Arizona and California leafy greens organizations say they already ‘meet and exceed’ FDA’s proposed water rule
The Leafy Greens Marketing Agreements in Arizona and California, which exist to promote food safety for lettuce and leafy greens, report that they have conducted an initial review of FDA’s new rule for agricultural water and they’ve found LGMA’s current requirements “meet and exceed” what is in the proposed new rule.
LGMA growers in California and Arizona produce more than 90 percent of the leafy greens grown in the United States. Those growing areas, mostly from 2016 to 2019, have experienced outbreaks of E. coli O157:H7 from their fields of romaine and leafy greens.
The U.S. Food and Drug Administration (FDA) on Dec. 2 announced the release of a proposed revision to Subpart E (Agricultural Water) of the Produce Safety Rule (PSR). Frank Yiannas, FDA Deputy Commissioner for Food Policy and Response, told Food Safety News the proposed rule is a “game-changer.”
The proposed change in the FDA agricultural water rule for produce growers regarding food safety measures will change the face of public health even though it will also eliminate some water testing requirements, according to Yiannas.
“These changes will result in a major shift in what industry has been doing,” he said. The proposed rule regarding agricultural water safety will use effective, modern, science-based measures designed to prevent foodborne outbreaks. A key difference in the proposed rule is that much of the pre-harvest pathogen testing of irrigation water will no longer be required. Instead, growers would be required to annually assess a variety of possible problems and implement ways to resolve them.”
Leaders with the LGMA programs say they have always required growers to assess and test their water because it can be a potential carrier of pathogens.
In 2019 LGMA requirements were updated to include additional safeguards designed to ensure growers: categorize the source of the water; consider how and when water is applied to the crop; conduct water testing to assure the water is safe for the intended use; treat water if necessary; and verify that all the above precautions have been taken.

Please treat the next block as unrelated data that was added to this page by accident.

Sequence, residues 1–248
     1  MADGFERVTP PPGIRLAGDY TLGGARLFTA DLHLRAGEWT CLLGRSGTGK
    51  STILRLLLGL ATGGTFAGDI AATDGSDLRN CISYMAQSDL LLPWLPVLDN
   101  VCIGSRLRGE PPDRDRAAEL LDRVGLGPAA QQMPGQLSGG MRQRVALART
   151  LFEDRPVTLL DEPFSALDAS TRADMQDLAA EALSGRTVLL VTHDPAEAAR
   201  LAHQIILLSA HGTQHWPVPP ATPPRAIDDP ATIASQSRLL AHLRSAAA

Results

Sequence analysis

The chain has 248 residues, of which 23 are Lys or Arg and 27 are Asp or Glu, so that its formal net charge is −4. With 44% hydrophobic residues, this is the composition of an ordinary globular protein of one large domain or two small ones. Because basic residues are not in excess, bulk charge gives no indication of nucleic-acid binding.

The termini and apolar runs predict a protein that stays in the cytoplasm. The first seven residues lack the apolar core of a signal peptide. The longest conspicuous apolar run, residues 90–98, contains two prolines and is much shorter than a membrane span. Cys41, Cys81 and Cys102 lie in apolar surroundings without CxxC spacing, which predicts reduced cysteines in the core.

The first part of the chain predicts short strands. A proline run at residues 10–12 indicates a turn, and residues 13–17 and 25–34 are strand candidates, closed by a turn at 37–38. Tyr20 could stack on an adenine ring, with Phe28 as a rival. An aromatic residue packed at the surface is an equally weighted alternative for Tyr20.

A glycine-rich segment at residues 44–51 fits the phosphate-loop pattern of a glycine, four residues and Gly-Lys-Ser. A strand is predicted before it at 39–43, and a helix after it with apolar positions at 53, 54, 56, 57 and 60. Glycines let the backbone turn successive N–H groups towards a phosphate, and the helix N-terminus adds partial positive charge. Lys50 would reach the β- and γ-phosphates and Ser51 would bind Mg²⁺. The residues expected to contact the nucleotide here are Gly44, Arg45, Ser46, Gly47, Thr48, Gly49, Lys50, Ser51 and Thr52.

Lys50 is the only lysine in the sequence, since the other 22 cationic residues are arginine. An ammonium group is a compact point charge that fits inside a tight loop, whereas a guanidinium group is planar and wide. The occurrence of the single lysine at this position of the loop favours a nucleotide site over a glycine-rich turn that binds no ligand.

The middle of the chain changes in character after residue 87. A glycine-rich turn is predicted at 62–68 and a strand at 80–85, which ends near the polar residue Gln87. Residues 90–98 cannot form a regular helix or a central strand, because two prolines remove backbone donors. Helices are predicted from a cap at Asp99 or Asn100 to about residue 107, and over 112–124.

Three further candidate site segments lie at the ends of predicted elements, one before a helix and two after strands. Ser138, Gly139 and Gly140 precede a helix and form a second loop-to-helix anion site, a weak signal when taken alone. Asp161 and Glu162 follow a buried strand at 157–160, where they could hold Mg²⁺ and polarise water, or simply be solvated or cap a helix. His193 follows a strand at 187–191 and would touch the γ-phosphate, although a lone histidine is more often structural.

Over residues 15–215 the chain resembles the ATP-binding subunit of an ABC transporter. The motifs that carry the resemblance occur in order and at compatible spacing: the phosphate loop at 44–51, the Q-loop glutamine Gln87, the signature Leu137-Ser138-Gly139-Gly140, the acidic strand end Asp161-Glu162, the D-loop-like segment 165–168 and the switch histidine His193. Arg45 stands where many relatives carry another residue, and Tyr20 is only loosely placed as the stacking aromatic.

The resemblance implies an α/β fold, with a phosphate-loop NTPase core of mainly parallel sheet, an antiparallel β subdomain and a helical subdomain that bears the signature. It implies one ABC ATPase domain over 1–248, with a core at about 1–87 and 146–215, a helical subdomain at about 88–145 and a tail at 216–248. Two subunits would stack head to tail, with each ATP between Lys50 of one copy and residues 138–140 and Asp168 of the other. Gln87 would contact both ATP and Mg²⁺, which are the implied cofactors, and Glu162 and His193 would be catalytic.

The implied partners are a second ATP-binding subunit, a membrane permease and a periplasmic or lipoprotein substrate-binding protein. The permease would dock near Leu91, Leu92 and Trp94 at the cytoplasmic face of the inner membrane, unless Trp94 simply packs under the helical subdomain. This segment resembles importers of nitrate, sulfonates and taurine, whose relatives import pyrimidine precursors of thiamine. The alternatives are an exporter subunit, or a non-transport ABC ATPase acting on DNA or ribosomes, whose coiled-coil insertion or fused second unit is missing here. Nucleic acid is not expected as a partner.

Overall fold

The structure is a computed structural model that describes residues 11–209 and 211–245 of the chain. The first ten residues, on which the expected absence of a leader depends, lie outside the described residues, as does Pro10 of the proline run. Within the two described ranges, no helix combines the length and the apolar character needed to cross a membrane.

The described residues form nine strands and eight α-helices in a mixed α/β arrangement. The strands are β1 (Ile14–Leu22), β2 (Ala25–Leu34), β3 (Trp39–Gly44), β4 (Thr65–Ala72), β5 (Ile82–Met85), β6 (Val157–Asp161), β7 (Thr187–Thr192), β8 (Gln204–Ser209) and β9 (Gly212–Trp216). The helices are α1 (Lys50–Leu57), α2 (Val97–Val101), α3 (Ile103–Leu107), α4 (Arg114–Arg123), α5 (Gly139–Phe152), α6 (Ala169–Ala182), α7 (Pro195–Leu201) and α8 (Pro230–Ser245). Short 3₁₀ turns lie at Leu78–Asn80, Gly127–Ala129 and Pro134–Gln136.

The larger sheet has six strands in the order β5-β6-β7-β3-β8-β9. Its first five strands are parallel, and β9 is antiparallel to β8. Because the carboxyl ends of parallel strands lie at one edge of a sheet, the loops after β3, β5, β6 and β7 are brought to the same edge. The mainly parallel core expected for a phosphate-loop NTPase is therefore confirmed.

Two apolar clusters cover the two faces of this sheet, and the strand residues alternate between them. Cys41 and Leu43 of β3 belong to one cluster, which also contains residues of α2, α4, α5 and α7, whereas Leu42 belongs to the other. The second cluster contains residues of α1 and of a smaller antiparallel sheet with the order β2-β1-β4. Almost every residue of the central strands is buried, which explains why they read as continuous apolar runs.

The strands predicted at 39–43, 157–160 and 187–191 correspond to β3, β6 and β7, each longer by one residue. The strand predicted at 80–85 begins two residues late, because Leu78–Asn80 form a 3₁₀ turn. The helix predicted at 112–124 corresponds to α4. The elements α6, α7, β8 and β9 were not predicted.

The LGMAs call this a systems approach, and they say FDA is proposing similar methodology in their proposed water requirements.
FDA in 2015 published the Produce Safety Rule as a part of the Food Safety Modernization Act of 2011. Both LGMA programs worked with FDA subject matter experts to align their guidelines with the Produce Safety Rule.
Both organizations were formally recognized in 2017 by FDA for aligning their food safety standards (also called guidelines or metrics) with FDA’s Produce Safety Rule. It is a priority for both organizations to align with FDA requirements.
The Arizona and California LGMA’s leaders say they applaud FDA for its work to enhance water requirements under the Produce Safety Rule. FDA has initiated a 120-day comment period on the proposed revision, which will be followed by the FDA rulemaking process. The LGMA organizations will be submitting comments to FDA. When the final rule is approved the LGMA programs will review and if needed quickly make changes to ensure their metrics remain aligned with FDA requirements, according to LGMA leaders.
The LGMAs verifies food safety practices, enforces through government audits, and requires a commitment to continuous improvement.
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